In what seems like a retaliatory move yesterday, the Chief Justice of Nigeria, Justice Mahmud Mohammed, blasted the other arms of government, especially the executive for what he described as “the lack of political will to prosecute high-profile corruption cases,” claiming that the Federal Government shoots itself in the leg by hiring “unseasoned lawyers” to prosecute their cases.
The meeting was held at the CJN’s conference room, and had in attendance the Attorney General of the Federation and Minister of Justice, Mr. Abubakar Malami, SAN. There was also in attendance Justices of the Supreme court as well as heads of other federal courts. The fifteen Justices in attendance included Justices I.T. Muhammad, Chima Centus Nweze, Bode Rhodes-Vivour, John Afolabi Fabiyi (now retired), Nwali Sylvester Ngwuta, Amiru Sanusi, J.I. Okoro, Kumai Bayang Aka’ahs, Mary Ukaego Peter-Odili, Musa Dattijo Muhammad, W.S.N. Onnoghen, M.S. Muntaka-Coomassie, Olukayode Ariwoola, Clara Bata Ogunbiyi, K.M.O. Kekere-Ekun and Suleiman Galadima.
It should be recalled that in what appeared to be a direct attack on the Judiciary, the President had accused the judiciary of sabotage while flagging-off the 2015 All Nigeria Judges’ Conference in Abuja. There, the President stressed that they (the judiciary) have been responsible for dwindling the efforts of his government in prosecuting high-profile corruption cases.
Buhari, who was represented at the event by Vice President Yemi Osinbajo, lamented that “allegations of judicial corruption have become more strident and frequent,” noting that; “There is both local and international dissatisfaction with the long delays in the trial process. In the past few years, this has become especially so for high-profile cases of corruption, especially where they involve serving or former political office holders.”
The CJN, baring his mind on a variety of issues affecting the judicial system on of the nation said that the lackadaisical attitude of government towards the prosecution of such criminal cases, “especially those involving politically exposed persons or political party family members,” was a major factor that has stalled the trial of so many corruption cases. Hear him:
“Experience within the Judiciary shows that there is abject lack of political will to prosecute some of those cases pending before our various courts, almost a decade in some instances. It is not because there are no special courts, but mostly for reasons of political expedience and other ancillary considerations.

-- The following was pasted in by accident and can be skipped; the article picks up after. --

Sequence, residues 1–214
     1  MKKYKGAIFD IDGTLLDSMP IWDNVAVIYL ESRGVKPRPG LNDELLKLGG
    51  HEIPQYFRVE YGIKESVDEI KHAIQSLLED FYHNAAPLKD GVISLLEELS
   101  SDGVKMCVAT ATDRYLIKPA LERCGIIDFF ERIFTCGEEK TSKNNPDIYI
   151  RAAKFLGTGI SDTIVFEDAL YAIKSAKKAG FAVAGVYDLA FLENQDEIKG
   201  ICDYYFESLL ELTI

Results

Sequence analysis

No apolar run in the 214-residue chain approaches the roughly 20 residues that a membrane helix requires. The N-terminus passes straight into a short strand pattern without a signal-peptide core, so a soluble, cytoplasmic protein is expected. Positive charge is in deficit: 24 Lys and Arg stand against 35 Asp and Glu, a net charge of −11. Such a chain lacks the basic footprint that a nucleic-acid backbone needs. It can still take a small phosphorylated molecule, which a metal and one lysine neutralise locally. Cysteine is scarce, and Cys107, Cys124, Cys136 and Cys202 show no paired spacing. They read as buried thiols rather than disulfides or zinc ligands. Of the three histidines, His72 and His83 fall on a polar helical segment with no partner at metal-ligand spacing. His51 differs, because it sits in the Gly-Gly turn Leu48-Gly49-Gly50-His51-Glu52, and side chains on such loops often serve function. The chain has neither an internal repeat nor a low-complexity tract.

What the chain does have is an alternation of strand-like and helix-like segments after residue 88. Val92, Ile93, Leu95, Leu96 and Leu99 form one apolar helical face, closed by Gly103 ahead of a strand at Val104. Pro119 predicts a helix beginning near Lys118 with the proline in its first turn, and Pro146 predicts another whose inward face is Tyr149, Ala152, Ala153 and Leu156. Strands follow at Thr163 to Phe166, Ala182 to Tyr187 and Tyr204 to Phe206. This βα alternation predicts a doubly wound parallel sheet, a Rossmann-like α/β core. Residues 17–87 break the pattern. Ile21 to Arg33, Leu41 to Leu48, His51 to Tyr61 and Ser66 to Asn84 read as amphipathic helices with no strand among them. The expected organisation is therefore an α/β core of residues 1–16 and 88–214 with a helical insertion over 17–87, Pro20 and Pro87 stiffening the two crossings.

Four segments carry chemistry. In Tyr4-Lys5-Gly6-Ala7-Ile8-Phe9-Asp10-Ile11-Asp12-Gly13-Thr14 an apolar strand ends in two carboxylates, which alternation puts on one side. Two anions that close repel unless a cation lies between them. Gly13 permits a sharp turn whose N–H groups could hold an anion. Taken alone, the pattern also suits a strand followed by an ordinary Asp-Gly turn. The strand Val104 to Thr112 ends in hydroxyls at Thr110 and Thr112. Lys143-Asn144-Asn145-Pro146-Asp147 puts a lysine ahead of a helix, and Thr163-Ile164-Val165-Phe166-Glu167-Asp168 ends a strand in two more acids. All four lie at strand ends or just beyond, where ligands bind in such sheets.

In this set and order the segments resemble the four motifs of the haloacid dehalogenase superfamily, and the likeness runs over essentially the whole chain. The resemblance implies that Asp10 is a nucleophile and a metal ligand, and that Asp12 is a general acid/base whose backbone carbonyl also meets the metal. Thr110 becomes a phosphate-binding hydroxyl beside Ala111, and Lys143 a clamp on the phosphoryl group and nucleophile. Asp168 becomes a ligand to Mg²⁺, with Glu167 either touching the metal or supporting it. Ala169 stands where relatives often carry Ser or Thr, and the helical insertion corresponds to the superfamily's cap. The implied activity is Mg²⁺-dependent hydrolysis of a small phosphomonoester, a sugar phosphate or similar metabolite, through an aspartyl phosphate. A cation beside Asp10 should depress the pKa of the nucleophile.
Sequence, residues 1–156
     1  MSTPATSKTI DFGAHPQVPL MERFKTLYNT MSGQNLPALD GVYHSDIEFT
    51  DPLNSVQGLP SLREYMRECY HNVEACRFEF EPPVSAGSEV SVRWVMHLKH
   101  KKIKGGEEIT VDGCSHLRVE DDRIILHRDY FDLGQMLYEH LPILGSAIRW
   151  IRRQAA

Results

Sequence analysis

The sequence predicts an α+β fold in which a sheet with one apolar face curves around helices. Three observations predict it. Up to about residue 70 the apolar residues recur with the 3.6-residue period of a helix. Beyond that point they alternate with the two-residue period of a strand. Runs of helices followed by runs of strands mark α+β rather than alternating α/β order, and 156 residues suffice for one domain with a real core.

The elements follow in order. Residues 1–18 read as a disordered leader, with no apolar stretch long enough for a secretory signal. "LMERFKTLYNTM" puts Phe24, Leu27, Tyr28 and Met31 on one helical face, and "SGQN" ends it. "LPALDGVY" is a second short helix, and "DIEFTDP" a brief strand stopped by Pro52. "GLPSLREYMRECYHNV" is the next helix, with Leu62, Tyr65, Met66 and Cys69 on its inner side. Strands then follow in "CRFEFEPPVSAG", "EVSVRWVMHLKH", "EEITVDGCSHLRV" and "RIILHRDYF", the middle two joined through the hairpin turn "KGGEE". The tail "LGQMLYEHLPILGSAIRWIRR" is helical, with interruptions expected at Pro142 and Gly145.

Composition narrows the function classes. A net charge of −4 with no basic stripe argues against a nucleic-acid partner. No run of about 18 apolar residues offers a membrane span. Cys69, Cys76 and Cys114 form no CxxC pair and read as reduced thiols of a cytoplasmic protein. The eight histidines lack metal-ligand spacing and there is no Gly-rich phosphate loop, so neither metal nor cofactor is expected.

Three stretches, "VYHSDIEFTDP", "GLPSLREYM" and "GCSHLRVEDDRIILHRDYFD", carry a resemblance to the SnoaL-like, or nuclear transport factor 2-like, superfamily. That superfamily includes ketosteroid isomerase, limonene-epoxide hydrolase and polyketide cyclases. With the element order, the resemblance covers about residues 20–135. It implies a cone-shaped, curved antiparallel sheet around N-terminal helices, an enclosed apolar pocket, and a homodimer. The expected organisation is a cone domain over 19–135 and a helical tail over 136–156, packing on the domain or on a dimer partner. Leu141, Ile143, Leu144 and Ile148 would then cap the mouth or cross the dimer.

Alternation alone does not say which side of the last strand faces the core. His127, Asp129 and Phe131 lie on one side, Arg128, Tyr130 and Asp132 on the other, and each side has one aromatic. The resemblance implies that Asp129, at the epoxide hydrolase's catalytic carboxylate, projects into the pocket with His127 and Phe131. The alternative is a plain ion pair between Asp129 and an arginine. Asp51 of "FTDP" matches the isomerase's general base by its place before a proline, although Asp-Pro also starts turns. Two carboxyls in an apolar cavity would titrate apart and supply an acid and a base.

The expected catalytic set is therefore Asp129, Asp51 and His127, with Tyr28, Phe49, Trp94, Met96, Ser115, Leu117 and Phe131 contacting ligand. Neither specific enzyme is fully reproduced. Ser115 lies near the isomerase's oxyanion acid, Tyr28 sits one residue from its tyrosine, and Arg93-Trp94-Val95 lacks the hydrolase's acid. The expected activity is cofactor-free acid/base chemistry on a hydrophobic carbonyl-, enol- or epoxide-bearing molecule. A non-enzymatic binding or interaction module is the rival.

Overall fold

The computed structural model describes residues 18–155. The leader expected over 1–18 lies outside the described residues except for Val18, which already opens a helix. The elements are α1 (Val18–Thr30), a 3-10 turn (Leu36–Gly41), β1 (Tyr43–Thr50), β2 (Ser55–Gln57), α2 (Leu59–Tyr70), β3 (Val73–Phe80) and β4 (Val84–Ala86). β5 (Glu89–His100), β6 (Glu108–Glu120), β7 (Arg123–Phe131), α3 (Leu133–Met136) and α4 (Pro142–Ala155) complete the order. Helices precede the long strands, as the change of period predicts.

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“I would likewise wish to encourage you (Justice Minister) to display a greater resolve than your predecessors in tackling outstanding cases before the courts. In times past, the Attorney General of the Federation would often lead teams of legal counsel in high-profile cases so as to demonstrate the resolve of the government to enshrine the rule of law. Sadly, recent Attorneys-General have become less inclined to do this. I would certainly like to see you, as the Attorney General, appear before us especially in cases of important national purport.
“There is the need for seasoned prosecutors to prepare and file charges before courts of competent jurisdiction so that criminal matters are timeously determined. The quality of prosecutions presented in courts by our prosecutorial agencies must be improved upon, as they are sometimes of a standard that will never found a conviction in any court anywhere, yet, a well prepared prosecution can see to the determination of criminal matter within a month.
“Of course, no competent prosecutor who has filed valid charges would permit an accused to mount an interlocutory appeal, to the extent of going forth and back, sometimes twice or more to the Supreme Court, since such lapses could be injurious to the dispensation of justice.”
On this front, the CJN advised the Minister of Justice to recruit more lawyers who should be adequately trained to handle more cases on behalf of the state. This, he said, would create a reservoir of highly trained, public-spirited lawyers to feed the Bench and the Bar; and also stop the practice of giving out cases to private firms, which often charge higher fees at the expense of the public purse.
He also encouraged the Minister to always attend meetings of judicial bodies such as the Legal Practitioners Privileges’ Committee (LPPC), Body of Benchers, Board of Governors of the National Judicial Institute and others of which he is a member by statutory provisions.
The reason being that, “the AGF can adequately brief the Federal Government with facts on issues in the Judiciary rather than press coverage and opinions of some lawyers often echoed at public events,” he said.
On the issue of funding for the judiciary, he said: “Indeed, the Judiciary can now properly make its demand before the National Assembly for an appropriate budgetary figure, rather than proposing N150 billion and be appropriated with less than half of it.”
In his response, the Attorney General of the Federation and Minister of Justice, Mr. Abubakar Malami, said the present administration is focused on its anti-corruption agenda in the country while assuring the CJN that the salaries and financial entitlements of workers in the Judiciary will be considered a priority. He also proposed an “Interface Committee” – a committee that will consist of members of the Executive and the Judiciary so they can work together in preparing Executive Bills for constitution amendment, and drawing up workable policies that will be jointly carried out by the two arms of government.